# setup.pyfrom setuptools import find_packages, setupsetup(
name='myapp',
version='0.0.1',
description='myapp description',
author='Arghajit',
author_email='dummy@dummy.com',
python_requires='>=3.6.0',
url='https://github.com/me/myproject',
packages=find_packages(),
install_requires=[
'argparse'
])

Now we run it again.

python setup.py install

This time something happened. The above command actually does 3 things for you.

  • Fetch requirements for your project that you have specified in install_requires at setup.py and install them inside the virtual environment.
  • Creates the distribution (package).
  • Installs the distribution.

Now let us run the code again and see.

python app/bin/myapp.py 10 + 20this is my first line of code
10 + 20 = 30

Let us remove that line now and try one more time.

python app/bin/myapp.py 10 + 2010 + 20 = 30

Done!

Dockerize the project

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Choosing the right Docker image can always be a challenge. I myself prefer using centos docker image as the base image and later modify the image as per own need — a safe bet!

# DockerfileFROM centos:8

Install binaries

RUN yum install -y epel-release sudo jq gcc python3 python3-devel

Create a directory for the project code, set it as the working directory.

RUN mkdir /etc/app
WORKDIR /etc/app

Copy the project code

COPY . /etc/app

Install Pip

Pip installation often becomes daunting. We go with the simplest and cleanest approach.

RUN curl “https://bootstrap.pypa.io/get-pip.py" -o “get-pip.py”
RUN python3 get-pip.py

Install virtualenv and prepare the environment and activate it.

RUN pip install virtualenv
RUN virtualenv -p python3 env
RUN source env/bin/activate

Build and install the project.

RUN python3 setup.py install

Entry Point

Finally, the entry point! To run a script with a passing parameter while calling a pre-build docker container, we need a script (ideally bash or anything) that will translate the parameters and start execution of your desired command. Here startup.sh is the file we are using. Let us write the file.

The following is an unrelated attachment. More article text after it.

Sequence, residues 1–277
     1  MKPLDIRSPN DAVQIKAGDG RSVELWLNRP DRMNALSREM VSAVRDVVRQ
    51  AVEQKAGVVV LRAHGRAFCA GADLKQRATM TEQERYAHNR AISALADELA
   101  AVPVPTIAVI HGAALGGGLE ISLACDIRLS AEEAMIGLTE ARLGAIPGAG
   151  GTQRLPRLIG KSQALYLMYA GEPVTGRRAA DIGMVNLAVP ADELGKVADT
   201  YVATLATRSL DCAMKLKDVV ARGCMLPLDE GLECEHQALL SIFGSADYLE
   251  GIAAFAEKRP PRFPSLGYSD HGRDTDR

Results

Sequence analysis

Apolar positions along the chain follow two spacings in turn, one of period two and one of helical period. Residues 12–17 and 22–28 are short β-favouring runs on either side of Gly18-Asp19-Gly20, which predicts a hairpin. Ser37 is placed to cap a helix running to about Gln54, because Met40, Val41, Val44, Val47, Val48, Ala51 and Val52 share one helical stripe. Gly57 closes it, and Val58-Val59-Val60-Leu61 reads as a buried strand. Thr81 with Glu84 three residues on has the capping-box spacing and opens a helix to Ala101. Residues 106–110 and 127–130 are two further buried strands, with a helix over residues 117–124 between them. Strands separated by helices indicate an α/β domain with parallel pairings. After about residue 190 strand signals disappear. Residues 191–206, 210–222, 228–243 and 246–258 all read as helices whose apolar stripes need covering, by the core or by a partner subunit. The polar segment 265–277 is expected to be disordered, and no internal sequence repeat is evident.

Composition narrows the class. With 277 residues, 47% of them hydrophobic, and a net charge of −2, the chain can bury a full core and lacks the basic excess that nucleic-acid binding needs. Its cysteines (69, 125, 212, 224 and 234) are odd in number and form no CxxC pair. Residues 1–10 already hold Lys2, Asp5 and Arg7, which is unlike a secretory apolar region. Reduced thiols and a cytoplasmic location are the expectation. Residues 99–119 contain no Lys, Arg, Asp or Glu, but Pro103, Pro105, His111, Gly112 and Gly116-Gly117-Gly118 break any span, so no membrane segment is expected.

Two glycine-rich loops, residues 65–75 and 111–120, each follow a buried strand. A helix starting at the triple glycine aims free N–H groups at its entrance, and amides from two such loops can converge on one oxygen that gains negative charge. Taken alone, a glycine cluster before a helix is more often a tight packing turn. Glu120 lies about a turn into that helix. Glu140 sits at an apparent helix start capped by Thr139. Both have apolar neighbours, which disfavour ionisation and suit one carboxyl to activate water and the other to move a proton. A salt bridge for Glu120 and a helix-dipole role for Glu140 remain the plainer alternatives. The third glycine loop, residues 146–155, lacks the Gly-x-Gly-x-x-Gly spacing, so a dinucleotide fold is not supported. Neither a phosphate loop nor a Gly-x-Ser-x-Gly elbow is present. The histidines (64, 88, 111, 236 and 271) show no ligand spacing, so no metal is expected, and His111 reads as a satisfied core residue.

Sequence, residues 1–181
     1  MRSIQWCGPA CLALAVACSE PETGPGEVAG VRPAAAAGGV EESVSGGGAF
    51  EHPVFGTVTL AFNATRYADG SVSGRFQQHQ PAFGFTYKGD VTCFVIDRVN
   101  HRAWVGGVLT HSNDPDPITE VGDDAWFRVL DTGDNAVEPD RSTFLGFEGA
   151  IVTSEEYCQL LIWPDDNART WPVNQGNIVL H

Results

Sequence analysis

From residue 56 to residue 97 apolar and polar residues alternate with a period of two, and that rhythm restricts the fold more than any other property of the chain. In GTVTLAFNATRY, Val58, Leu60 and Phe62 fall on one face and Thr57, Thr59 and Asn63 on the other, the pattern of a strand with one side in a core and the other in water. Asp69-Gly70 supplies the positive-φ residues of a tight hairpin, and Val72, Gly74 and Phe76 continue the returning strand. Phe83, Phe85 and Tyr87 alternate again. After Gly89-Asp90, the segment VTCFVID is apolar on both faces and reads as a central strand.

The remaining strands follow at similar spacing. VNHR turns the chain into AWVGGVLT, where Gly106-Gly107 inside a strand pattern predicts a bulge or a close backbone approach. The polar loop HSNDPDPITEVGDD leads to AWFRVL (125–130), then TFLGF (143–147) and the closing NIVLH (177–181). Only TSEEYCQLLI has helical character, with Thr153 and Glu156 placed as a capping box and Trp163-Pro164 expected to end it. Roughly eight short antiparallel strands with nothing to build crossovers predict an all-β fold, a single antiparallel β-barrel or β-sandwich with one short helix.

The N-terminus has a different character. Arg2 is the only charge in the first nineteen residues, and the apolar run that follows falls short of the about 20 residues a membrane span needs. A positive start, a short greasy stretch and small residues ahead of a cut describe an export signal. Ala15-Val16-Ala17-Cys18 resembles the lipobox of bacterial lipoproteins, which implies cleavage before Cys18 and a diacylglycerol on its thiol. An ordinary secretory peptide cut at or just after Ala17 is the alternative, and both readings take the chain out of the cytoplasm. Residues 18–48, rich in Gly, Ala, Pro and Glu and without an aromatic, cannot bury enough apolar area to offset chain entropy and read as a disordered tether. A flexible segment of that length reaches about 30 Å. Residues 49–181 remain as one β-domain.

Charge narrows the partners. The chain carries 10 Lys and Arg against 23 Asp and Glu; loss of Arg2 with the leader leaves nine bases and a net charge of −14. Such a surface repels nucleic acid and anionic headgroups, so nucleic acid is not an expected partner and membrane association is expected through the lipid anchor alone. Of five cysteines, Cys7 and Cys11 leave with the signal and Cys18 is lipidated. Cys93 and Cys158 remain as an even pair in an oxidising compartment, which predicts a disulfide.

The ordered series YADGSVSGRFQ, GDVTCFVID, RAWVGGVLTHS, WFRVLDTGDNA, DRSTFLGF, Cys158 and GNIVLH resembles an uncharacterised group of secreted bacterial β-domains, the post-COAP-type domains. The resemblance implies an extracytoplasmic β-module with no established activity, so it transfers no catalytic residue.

#!/usr/bin/env bashexec python3 app/bin/myapp.py $@

Here the $@ signifies all parameters which are passed when this bash file was called. We are passing them down to our python code.

We changed python to python3 to be on the safer side we are calling the correct python version.

All we want is, whenever the soon-to-be-build docker image going to be called, internally our above python code shall get executed. We write our final line at Dockerfile and saves it.

ENTRYPOINT [“/bin/bash”,”./startup.sh”]

Build the Docker Image

To run build an image out of Dockerfile, we go to the residing directory and run the following.

docker build -t myapp .

Run the Docker Image

Once you get a successful build, you can check your list of available docker images with the following command.

docker images

You should myapp listed there. Once you confirm the same, run the image with parameter as the python script.

docker run -t myapp 10 + 2010 + 20 = 30

And we are done!

We got a ready docker image with our python code inside which can be run anytime, anywhere.

I am not going to share the full code. Do it yourself, comrades.

Technical Member in Product Company, Agile practitioner.